When the feet-dragging, flesh-craving hordes of the living dead descend upon your street, the Centers for Disease Control and Prevention wants you to be prepared. The same goes for hurricanes, tornadoes, blizzards, or any other more common natural disaster that may also strike your community.
In an amusing and clever article on the CDC's weblog, Assistant Surgeon General Ali Khan warns that a zombie apocalypse is just one of the many emergencies you should be ready for. It's all tongue-in-cheek and perhaps the most engaging way the CDC has tried to convince people that its time to put together an emergency kit.
"So what do you need to do before zombies … or hurricanes or pandemics for example, actually happen?" Khan asks. "First of all, you should have an emergency kit in your house. This includes things like water, food, and other supplies to get you through the first couple of days before you can locate a zombie-free refugee camp (or in the event of a natural disaster, it will buy you some time until you are able to make your way to an evacuation shelter or utility lines are restored)."
I might also suggest adding a flamethrower, sawed-off shotgun, and a remote-controlled car to distract the zombies while you gather the family into the minivan. Don't forget the extra fuel too — and nets. Zombies hate nets.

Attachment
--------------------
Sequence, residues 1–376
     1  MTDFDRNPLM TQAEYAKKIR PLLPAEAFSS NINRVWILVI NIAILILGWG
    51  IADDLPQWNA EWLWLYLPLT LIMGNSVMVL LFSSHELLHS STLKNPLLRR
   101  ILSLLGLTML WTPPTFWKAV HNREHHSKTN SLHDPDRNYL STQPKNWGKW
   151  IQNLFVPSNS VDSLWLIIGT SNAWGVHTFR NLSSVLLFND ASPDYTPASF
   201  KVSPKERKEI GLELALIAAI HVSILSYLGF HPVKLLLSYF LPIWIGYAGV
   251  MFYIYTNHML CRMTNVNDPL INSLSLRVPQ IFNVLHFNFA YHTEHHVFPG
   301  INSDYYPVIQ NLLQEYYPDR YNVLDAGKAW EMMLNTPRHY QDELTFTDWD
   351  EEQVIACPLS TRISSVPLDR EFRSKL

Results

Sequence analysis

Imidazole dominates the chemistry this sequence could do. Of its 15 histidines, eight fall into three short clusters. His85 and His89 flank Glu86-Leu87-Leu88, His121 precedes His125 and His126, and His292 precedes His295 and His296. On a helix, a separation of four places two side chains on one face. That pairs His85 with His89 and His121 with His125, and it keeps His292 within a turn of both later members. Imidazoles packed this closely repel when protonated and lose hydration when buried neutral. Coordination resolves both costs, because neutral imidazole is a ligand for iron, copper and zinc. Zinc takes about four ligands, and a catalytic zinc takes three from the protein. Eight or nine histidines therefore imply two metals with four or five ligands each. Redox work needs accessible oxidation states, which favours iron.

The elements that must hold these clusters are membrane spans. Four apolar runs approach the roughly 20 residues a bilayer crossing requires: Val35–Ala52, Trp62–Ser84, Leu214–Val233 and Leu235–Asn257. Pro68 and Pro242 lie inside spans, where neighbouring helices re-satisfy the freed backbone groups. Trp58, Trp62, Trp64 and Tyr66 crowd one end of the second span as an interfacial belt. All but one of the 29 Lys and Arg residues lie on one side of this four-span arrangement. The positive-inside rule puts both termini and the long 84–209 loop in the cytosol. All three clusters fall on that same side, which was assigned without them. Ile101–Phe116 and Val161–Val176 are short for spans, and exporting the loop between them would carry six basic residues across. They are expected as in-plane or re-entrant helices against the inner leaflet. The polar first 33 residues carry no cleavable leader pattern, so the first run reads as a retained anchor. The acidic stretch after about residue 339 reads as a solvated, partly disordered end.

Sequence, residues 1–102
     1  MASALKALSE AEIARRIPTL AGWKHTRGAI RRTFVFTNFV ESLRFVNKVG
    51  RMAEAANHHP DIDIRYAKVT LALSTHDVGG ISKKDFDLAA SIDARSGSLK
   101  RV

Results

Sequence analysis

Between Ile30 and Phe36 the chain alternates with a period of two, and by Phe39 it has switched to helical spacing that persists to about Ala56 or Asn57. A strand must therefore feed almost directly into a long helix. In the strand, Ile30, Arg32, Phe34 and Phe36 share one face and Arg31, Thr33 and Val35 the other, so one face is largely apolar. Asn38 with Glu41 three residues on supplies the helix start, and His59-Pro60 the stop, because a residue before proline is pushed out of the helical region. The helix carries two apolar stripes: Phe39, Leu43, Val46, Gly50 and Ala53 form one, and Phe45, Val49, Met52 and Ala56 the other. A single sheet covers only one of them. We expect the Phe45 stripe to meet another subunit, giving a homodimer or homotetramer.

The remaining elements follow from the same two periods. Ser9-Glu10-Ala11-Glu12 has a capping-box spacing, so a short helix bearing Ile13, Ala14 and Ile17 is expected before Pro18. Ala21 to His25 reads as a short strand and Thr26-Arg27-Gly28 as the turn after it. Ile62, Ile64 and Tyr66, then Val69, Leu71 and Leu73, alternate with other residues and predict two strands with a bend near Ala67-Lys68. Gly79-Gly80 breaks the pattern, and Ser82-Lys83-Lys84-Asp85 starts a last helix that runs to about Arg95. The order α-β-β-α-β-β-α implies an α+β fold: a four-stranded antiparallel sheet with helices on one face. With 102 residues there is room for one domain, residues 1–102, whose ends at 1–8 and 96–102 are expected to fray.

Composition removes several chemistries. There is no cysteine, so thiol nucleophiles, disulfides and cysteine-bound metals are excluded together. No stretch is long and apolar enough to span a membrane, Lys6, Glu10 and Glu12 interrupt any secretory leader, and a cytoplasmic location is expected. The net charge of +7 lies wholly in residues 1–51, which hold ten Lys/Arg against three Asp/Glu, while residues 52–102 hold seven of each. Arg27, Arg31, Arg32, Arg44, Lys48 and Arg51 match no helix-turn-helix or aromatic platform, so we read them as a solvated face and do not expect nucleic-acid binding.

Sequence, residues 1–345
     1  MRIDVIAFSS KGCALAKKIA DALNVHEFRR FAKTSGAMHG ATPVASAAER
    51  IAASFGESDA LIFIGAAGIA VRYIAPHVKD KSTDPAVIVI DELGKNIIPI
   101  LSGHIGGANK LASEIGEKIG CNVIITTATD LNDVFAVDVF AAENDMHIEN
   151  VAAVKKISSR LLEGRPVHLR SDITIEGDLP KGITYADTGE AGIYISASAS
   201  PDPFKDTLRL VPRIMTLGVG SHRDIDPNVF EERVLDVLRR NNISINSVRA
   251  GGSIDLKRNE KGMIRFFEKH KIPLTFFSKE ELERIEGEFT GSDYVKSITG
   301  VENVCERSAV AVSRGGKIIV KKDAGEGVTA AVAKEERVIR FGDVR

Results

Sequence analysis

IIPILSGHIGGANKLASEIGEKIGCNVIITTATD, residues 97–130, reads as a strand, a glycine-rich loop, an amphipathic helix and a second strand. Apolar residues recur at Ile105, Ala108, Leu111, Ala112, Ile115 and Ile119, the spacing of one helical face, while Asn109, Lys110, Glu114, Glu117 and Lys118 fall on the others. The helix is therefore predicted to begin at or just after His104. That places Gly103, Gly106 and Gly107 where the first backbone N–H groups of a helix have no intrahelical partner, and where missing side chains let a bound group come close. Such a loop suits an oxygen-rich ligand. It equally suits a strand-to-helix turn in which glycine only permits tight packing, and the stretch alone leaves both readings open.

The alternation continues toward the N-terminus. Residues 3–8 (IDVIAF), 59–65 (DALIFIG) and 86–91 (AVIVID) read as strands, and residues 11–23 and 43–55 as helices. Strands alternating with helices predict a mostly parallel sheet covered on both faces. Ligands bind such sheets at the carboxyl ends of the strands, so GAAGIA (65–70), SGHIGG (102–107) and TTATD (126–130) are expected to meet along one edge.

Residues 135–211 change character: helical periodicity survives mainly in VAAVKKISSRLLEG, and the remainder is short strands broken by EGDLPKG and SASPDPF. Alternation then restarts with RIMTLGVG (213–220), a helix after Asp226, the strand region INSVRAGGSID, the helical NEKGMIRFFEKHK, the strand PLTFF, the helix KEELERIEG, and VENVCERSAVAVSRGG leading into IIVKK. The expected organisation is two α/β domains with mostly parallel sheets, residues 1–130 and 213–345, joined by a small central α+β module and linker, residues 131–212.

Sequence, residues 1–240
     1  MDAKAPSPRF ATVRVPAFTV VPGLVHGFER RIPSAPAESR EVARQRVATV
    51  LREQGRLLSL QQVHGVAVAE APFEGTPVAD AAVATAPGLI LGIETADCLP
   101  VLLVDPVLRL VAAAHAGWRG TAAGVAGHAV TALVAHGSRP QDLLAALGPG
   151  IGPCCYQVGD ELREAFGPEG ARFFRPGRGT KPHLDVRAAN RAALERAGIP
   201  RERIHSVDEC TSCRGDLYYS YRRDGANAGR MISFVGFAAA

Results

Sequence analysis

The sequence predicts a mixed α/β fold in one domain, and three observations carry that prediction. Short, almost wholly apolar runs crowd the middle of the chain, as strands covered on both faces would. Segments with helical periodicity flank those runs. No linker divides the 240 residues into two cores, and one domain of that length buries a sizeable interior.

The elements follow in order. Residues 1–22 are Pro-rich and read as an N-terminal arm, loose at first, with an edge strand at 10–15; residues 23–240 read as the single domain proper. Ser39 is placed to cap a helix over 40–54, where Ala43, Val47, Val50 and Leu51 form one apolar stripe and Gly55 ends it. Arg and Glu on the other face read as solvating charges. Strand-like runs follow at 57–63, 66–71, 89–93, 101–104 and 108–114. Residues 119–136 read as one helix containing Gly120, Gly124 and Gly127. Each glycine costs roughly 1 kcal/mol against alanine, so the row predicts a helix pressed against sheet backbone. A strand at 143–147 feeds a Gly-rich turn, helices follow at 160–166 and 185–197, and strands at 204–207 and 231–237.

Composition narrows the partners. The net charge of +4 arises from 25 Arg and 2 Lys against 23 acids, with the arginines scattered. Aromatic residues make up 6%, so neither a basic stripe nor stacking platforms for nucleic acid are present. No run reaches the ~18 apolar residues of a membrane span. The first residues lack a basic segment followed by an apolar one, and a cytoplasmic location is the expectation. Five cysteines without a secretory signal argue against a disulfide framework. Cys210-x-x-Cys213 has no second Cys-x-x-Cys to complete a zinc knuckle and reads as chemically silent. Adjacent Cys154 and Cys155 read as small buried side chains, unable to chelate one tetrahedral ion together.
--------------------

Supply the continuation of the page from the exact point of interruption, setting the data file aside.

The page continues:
Khan says that the CDC decided to take this unorthodox approach to promoting survival kits simply because the old messages just weren't getting through. "We were talking about hurricane preparedness and someone bemoaned that we kept putting out the same messages."
Taking this promotion one step further, Khan dissects exactly what the CDC might do if the living dead really did start munching on us.
If zombies did start roaming the streets, CDC would conduct an investigation much like any other disease outbreak. CDC would provide technical assistance to cities, states, or international partners dealing with a zombie infestation. This assistance might include consultation, lab testing and analysis, patient management and care, tracking of contacts, and infection control (including isolation and quarantine).
It's also been largely reported that the end of the world will happen this Saturday, May 21 — so conspiracy theorists may also read Khan's timely article as a warning that doomsday is near. You might want to pre-order that flamethrower.
Remember, MNN also has your back. Once you've got that emergency kit packed, be sure to check out even more tips for surviving the zombie apocalypse.